HOUSE OF REPRESENTATIVES, 3 DECEMBER 2019
Recently the House Economics Committee had the pleasure of hearing from Rod Sims, the head of the Australian Competition and Consumer Commission, and his staff, to investigate a range of important issues surrounding competition and market dynamics within the Australian economy.
At the outset, as our report notes, there have been a number of worrying trends in the Australian economy, suggesting that it is becoming less dynamic. Sasan Bakhtiari has tracked the number of new start-up firms in Australia, going back to the beginning of the century. He finds that at the beginning of the century the Australian economy was creating new firms at a rate of about 15 per cent a year; now that's down to just nine per cent a year.
We have similar trends with business more broadly. If you strip out the non-employing firms, again the rate of new business formation seems to be declining. There are considerable concerns over the productivity growth rate in the Australian economy. We've just had the worst ever productivity numbers in 25 years handed down, and that follows a significant period in which Australian productivity has been of concern.
Typically the Productivity Commission reports how the amount of capital per worker has increased. It is a concept known as capital deepening. Recently they have had to use a different term; they refer to capital shallowing, as the amount of capital per worker has declined. Given that capital deepening has been about three-quarters of labour productivity growth, that is a frightening concern indeed.
We have businesses cutting back on research and development and investing less in good management. The share of firms that are innovative is no longer growing, and a survey of management practices in manufacturing firms found that Australia's managers rate below those in Canada, Sweden, Japan, Germany and the United States. The Harvard Atlas of Economic Complexity ranks Australia 93rd, well below other advanced economies. Treasury research has found that there is less job switching in Australia and that Australian workers find it more difficult to change firms than they did in the past. And research highlighted by Megan Quinn at a conference earlier this year showed that, since 2002, Australia's most productive firms—the top five per cent—have fallen off the global frontier by about a third. The bottom 95 per cent of firms have barely increased their productivity since Sydney hosted the Olympics at the start of the century.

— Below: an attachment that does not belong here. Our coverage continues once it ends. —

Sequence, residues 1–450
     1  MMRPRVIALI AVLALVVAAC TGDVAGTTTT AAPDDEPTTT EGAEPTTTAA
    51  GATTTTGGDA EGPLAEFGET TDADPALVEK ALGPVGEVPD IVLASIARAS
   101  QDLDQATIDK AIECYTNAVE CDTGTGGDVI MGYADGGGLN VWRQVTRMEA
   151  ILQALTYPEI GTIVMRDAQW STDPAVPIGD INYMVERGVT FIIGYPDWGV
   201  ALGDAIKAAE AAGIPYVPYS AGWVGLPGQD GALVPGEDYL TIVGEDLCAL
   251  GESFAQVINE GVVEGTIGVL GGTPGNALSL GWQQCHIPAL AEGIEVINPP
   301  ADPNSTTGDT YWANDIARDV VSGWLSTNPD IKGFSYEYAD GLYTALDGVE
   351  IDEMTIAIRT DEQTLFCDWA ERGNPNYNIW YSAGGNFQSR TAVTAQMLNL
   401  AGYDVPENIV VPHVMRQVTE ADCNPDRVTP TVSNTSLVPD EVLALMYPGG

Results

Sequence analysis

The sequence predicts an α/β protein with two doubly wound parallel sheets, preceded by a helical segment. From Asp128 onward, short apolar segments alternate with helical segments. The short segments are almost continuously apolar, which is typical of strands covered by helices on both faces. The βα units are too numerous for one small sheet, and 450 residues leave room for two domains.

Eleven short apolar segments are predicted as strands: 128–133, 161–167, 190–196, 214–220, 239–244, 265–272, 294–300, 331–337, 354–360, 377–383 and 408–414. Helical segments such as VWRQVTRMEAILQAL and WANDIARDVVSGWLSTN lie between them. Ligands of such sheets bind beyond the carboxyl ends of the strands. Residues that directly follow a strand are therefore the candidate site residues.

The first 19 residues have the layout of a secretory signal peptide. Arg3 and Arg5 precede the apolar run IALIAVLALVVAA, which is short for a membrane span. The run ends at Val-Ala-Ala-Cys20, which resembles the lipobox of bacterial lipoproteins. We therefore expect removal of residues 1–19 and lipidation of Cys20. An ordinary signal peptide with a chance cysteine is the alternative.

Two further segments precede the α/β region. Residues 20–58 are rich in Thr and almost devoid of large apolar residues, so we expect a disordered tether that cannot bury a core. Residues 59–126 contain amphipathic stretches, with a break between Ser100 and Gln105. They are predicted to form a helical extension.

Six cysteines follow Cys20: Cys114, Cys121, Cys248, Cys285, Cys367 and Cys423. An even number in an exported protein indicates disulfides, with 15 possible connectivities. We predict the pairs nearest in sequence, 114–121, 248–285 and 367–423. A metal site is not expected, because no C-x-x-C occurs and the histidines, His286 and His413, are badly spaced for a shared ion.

That is a frightening scenario for the Australian economy, so we began by exploring the concerns that I had and that other Labor members share about the rise in market concentration having contributed to the problems in the Australian economy. It was acknowledged by the ACCC that a more dynamic economy could well be a function of high market concentration. We went into particular sectors. When we discussed the issue of banking, the ACCC said that they did not think 'there is strong competition in retail banking' and then went on to say, 'We're also observing that, even though you have some quite big players outside the big four, it's not clear that any of them are really displacing any of the big four or making serious inroads.' They flagged a lack of price competition and the fact that the big four seem to be maintaining their market share and earning very high profits.
I took to them the issue of the so-called loyalty tax, in which existing mortgage customers end up paying higher interest rates than new borrowers coming in the door. They acknowledge that such a loyalty tax does exist in the mortgage market, as indeed it exists in other markets, such as electricity. I have raised the issue of a loyalty tax with the heads of Australia's big four banks as they have come before us and, indeed, with some of the smaller banks as they have come before the House Economics Committee. I do not think it is reasonable for Australian firms to be charging two customers different rates.